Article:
It’s something really special. Not everybody has that gift. So I’m happy to have done it somehow a little bit tonight.
Q. He won 11 straight points; got the break back. A lot of the people in the stadium, I’m sure, were thinking, Oh, man, this guy is almost 35. The wheels are falling off. What were you thinking? How did you pull it together?
TOMMY HAAS: Yeah, I wasn’t happy, you know. I had 3 1, I think, and had a couple of break points, or one, I’m not sure. Didn’t convert it. Then I lost I know I lost eight points in a row for him to go up 4 3. I just wasn’t happy with the way I gave those points away, really.
I didn’t think anything else of it. I just didn’t make the right shots, shot selection that needed to be happening. You know, I didn’t give him a chance to pass me or win those points. I just kind of gave it away.
I think with four unforced errors to break back, and then, yeah, I just tried to regroup in the changeover and tell myself, Try to hold here to go to 4 All and keep it tight. If you have a chance, play a little bit different than before.
That’s exactly what happened.
Q. A few years ago when you had to come off the tour because of all the injuries and the time you spent away, at that stage could have imagined almost 35 years of age you’d still be playing at this level and producing a win against world No. 1?
TOMMY HAAS: Not really. You know, there were times I wouldn’t have believed that, no way. But, you know, when I came back after my hip surgery it was a grueling, you know, I don’t know, 9 months, 12 months before I actually felt like I can sort of train again and get in better shape and sort of maybe feel like I can move and give myself a chance to at least try to go for some victories again that I would enjoy.
You know, somewhere in the middle of last year, sometime in April, May, my body sort of adjusted a lot, got better, and I could train. You know, if you can’t train and put in the hard yards in this sport anymore, you know, you’re not going to get far. You know, not at least to the point where maybe you have a chance against a top player.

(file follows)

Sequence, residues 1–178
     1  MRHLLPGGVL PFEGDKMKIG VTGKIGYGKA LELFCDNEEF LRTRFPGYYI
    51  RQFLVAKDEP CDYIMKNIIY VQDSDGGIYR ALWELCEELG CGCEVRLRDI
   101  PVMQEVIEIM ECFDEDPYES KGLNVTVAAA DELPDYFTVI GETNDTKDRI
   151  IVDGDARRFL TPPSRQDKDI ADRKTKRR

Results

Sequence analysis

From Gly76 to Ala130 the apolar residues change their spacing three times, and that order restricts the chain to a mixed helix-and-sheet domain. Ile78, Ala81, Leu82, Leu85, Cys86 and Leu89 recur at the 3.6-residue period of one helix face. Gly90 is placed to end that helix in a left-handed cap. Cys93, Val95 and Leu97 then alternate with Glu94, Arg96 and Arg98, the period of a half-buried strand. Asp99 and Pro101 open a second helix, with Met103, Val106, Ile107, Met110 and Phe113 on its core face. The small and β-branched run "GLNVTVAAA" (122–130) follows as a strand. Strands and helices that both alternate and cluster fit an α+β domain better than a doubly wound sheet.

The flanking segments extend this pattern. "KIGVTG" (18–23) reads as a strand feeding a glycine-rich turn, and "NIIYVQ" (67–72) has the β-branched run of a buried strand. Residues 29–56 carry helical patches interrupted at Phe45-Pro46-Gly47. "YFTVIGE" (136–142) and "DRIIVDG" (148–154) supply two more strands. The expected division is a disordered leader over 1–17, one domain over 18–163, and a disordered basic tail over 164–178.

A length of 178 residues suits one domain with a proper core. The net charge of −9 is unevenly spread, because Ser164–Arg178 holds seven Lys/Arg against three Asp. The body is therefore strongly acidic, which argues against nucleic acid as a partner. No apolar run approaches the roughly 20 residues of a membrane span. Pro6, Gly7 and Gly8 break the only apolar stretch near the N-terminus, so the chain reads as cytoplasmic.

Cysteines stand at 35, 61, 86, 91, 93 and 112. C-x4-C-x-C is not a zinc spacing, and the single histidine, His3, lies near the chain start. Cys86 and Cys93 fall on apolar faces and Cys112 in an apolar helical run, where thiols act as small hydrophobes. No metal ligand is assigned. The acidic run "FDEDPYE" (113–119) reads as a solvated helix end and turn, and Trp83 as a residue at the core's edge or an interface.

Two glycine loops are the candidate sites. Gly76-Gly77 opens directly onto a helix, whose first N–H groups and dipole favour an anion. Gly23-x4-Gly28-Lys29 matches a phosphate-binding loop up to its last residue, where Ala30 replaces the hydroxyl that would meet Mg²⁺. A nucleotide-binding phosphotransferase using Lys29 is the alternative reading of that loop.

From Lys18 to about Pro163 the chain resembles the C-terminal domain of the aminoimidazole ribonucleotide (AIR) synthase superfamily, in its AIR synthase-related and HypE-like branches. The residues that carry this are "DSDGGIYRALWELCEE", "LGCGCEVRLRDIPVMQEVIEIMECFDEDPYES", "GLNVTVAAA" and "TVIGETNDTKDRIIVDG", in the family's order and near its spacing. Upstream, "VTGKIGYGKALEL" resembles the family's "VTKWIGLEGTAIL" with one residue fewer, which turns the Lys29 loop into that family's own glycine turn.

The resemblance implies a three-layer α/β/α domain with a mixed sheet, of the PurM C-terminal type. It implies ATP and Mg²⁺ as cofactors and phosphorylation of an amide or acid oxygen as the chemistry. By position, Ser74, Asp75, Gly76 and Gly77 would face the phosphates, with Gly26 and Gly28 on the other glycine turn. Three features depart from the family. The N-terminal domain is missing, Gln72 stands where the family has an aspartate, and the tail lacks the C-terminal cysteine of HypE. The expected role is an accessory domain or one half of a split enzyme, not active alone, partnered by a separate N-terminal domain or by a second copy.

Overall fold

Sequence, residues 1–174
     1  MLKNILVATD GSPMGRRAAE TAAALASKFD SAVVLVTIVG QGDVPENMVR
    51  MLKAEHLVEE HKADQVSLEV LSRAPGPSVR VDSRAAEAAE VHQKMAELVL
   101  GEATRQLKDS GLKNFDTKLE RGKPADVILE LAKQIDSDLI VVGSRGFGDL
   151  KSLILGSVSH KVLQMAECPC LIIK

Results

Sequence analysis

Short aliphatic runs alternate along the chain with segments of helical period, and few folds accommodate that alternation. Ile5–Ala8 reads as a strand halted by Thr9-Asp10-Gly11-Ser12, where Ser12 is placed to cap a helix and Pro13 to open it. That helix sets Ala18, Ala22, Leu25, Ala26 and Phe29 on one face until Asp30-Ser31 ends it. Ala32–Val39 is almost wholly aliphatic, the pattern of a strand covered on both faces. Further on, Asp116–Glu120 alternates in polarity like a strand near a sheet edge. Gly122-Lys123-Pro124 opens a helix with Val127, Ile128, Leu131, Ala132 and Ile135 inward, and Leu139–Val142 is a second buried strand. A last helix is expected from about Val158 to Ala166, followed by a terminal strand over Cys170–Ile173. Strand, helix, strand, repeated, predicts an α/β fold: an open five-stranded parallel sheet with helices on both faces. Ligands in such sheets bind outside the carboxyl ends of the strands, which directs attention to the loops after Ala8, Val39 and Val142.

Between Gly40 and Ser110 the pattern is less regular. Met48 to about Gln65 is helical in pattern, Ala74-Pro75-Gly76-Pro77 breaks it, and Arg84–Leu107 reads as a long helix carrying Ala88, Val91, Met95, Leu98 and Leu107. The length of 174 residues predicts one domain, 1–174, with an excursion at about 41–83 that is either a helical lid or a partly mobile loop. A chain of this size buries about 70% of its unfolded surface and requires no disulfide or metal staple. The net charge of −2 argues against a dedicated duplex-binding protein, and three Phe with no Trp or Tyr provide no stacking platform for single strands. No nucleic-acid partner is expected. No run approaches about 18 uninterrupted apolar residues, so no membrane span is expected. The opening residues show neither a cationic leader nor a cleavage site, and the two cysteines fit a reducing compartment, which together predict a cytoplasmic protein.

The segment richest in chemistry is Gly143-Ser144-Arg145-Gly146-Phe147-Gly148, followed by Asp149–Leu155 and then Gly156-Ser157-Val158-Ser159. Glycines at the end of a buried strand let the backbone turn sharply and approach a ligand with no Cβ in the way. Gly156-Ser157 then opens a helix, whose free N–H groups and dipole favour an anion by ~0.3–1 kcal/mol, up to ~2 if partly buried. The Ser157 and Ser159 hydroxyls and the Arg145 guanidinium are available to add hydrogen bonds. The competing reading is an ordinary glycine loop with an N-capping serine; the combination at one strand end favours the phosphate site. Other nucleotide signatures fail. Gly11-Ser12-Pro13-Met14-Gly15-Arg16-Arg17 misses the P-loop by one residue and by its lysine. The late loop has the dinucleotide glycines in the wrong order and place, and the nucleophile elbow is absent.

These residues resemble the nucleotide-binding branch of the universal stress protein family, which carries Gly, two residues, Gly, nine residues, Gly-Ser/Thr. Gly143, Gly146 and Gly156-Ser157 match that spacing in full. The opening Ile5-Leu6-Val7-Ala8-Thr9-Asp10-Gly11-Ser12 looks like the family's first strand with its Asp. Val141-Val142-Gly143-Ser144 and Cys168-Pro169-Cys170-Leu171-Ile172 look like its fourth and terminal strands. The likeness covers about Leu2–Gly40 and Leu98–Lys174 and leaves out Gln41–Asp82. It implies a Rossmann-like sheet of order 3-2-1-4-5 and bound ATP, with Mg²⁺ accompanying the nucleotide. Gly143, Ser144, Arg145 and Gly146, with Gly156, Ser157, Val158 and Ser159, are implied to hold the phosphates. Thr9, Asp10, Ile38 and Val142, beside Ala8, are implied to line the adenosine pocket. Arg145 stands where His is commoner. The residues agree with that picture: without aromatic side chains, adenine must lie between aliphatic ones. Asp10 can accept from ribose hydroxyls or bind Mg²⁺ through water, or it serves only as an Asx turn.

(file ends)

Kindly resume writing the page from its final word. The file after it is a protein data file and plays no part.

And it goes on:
From experience, you know, luckily I know that, and luckily I’m a guy that likes to work out and gets in the best shape that I can possibly can, my body allowing. You know, right now I feel pretty good, as good as I have in a long time, and, you know, just never give up.
Q. Asking about your fashion statement out there, a lot of these guys are every stitch matches, and you had a lot of different colors going on. Is that conscious or random?
TOMMY HAAS: Yeah, I’m pretty pathetic I think when it comes to color matching. Sometimes I look at myself, you know, in the mirror before I go out and I’m like, Jesus, what was I thinking there? (Laughter.)
I guess if I maybe had a clothing contract it would be different. But, you know, n this case I just put on the clothes that I really like. It’s comfortable and it sort of feels good on me. I’m not the color matching type, and my wife has to take care of our daughter most of the time so she doesn’t have time to do that, either. It falls into my hands.
Q. Still the backward hat, though.
TOMMY HAAS: Sometimes, yeah. It’s just when I sweat. You go in and out of that stage. My hair is short enough to go without a cap, but it’s just routine. Sometimes I play without it.
Q. Could you talk about your next match? You play Simon.
TOMMY HAAS: Yeah, similar conditions, maybe a little bit cooler. He’s just such a good counterpuncher, a guy that is back wall. He moves extremely well. He knows the geometry of the game really well. He’s sort of somewhere always in the mix.
You don’t even really talk about him that much or you don’t see him in the draw that much. He’s always there, always within the top 20, top 10 over the past couple of years. You know, extremely talented, and it really depends on what kind of a night I have, I think.
I can try to mixup my game again and try to be aggressive when I have to be. And I’m going to have to change it up and sort of try to find a way, a style the way I played tonight and be aggressive, come in more, and hopefully it will be a good night, good tennis.
On court interview:
Hot shot point: